Tuesday, August 29, 2006

Egypt: TV Program On Religion & ID Cards (Part-2)

In today's post, the Dream-2 Channel program continues with interviews of 13 individuals randomly selected on the streets of Cairo, and with 2 members of the Baha'i Faith in Egypt. Again, for those who are not Arabic-speakers, the interviews are transcribed below in English.

Reporter: the space for religious classification on the personal ID Card is the latest story to stimulate debate in the Egyptian society lately. While some describe this [removing the religious classification from the ID] as a step towards secularism, and what was described as [eliminating] discrimination based on religious bases, others see it as an unnecessary step that will serve a religious minority like those adhering to the Baha'iyyah.

[Reporter asking first interviewee] Some people are asking that the section for religion be removed from the personal ID Card. Should it be removed or not?

Interviewee 1: no, it should not to be canceled. Assume someone needs to be known by others as Muslim or Christian. How could he be known if the religious classification is removed?

Interviewee 2: when someone is trying to get married, they have nothing to use other than the ID Card to prove their identity.

Interviewee 3: we are all Egyptians. There is no difference between Muslim and Christian. So, why do we need to write [our religion]? What is the value of doing that?

Interviewee 4: it is not possible at all to cancel it. Sometimes there are three or four Muslim names that match three or four Christian names. How is it possible to cancel it?

Interviewee 5: it [the religious classification] is not needed at all, whether I am today a Muslim or Christian. For example, when I go to a government agency, they don't care whether I am Muslim or Christian.

Interviewee 6: some people are kind of prejudiced--on both sides. When some see Christian on the ID Card, they complicate things for that person. When others see Muslim, they also complicate matters for that person. So, there is no need for this religious classification.

Interviewee 7: it is necessary that a person be known as Christian or Muslim, so he can be treated according to his own religion.

Interviewee 8: I prefer that the ID Card has no religious classification.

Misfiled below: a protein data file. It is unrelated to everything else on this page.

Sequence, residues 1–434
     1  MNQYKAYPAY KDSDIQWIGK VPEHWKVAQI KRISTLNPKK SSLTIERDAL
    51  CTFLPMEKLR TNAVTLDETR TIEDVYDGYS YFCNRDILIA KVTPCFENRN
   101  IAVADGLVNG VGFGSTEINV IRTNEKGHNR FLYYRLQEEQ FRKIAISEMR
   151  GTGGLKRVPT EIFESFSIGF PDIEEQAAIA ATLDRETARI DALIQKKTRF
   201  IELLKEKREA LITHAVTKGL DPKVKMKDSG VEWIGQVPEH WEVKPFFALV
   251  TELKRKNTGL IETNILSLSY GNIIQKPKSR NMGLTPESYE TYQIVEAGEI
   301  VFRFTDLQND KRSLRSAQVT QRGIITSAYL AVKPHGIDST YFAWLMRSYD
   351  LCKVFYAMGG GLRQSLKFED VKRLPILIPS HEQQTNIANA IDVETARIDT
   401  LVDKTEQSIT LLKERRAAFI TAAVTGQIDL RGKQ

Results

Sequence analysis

Interviewee 9: it is not conceivable to remove the religion from the ID Card.
It is necessary that when someone looks at the ID Card should know what the person's religion is; otherwise, it becomes a loose matter. No one would be able to know if it is this or that religion.

Interviewee 10: we are all one. There is no difference between this religion and that religion. Religions are all of God. If I am an Egyptian, I am truly not in need of anything else other than knowing that I am an Egyptian.

Interviewee 11: remove it? For what reason? It should remain in the ID Card.

Interviewee 12: I see that the section for religion [on ID Cards] in our country is a benefit enjoyed by Christian and Muslims of the same homeland. In my opinion, it won't make a difference if the religion is or is not written in the section for religion on the Card.

Interviewee 13: when I deal with you, I am supposed to know whether you are a Muslim or Christian. This is my right.

Dr. Basma Moussa: I am one of the Baha'is of Egypt. As far as we are concerned we have a big problem, the problem of the National [ID] Number. We at this time cannot obtain ID Cards, birth certificates or death certificates because we are Baha'is. After all, we are Egyptians first before being Muslim, Christian, Jewish or any other.

Dr. Labib Iskandar Hanna: [a Baha'i] we request from the Government not to force us to write-in any other religion. We cannot forge official documents when indicating religion. We can insert a line [dashes], omit religion on ID Cards, or write-in 'other', we have no objections to any of these solutions. Our problem is that we are being forced to choose another religion.

To be continued....

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